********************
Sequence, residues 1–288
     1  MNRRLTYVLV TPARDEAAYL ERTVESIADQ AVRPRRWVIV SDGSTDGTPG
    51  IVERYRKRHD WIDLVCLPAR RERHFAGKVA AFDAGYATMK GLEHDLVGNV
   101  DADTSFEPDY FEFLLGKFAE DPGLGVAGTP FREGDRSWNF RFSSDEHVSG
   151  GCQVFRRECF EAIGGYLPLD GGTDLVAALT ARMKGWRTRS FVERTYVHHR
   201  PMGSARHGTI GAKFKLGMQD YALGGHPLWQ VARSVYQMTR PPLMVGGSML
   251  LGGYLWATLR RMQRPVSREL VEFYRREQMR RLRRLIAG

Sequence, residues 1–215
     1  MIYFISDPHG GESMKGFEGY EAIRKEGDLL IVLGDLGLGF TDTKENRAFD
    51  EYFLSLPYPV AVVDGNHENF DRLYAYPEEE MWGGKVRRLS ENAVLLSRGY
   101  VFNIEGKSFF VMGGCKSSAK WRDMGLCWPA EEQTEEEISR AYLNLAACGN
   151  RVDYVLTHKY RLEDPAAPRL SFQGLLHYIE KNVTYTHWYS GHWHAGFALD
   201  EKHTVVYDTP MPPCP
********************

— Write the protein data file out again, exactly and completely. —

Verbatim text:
Sequence, residues 1–288
     1  MNRRLTYVLV TPARDEAAYL ERTVESIADQ AVRPRRWVIV SDGSTDGTPG
    51  IVERYRKRHD WIDLVCLPAR RERHFAGKVA AFDAGYATMK GLEHDLVGNV
   101  DADTSFEPDY FEFLLGKFAE DPGLGVAGTP FREGDRSWNF RFSSDEHVSG
   151  GCQVFRRECF EAIGGYLPLD GGTDLVAALT ARMKGWRTRS FVERTYVHHR
   201  PMGSARHGTI GAKFKLGMQD YALGGHPLWQ VARSVYQMTR PPLMVGGSML
   251  LGGYLWATLR RMQRPVSREL VEFYRREQMR RLRRLIAG

Sequence, residues 1–215
     1  MIYFISDPHG GESMKGFEGY EAIRKEGDLL IVLGDLGLGF TDTKENRAFD
    51  EYFLSLPYPV AVVDGNHENF DRLYAYPEEE MWGGKVRRLS ENAVLLSRGY
   101  VFNIEGKSFF VMGGCKSSAK WRDMGLCWPA EEQTEEEISR AYLNLAACGN
   151  RVDYVLTHKY RLEDPAAPRL SFQGLLHYIE KNVTYTHWYS GHWHAGFALD
   201  EKHTVVYDTP MPPCP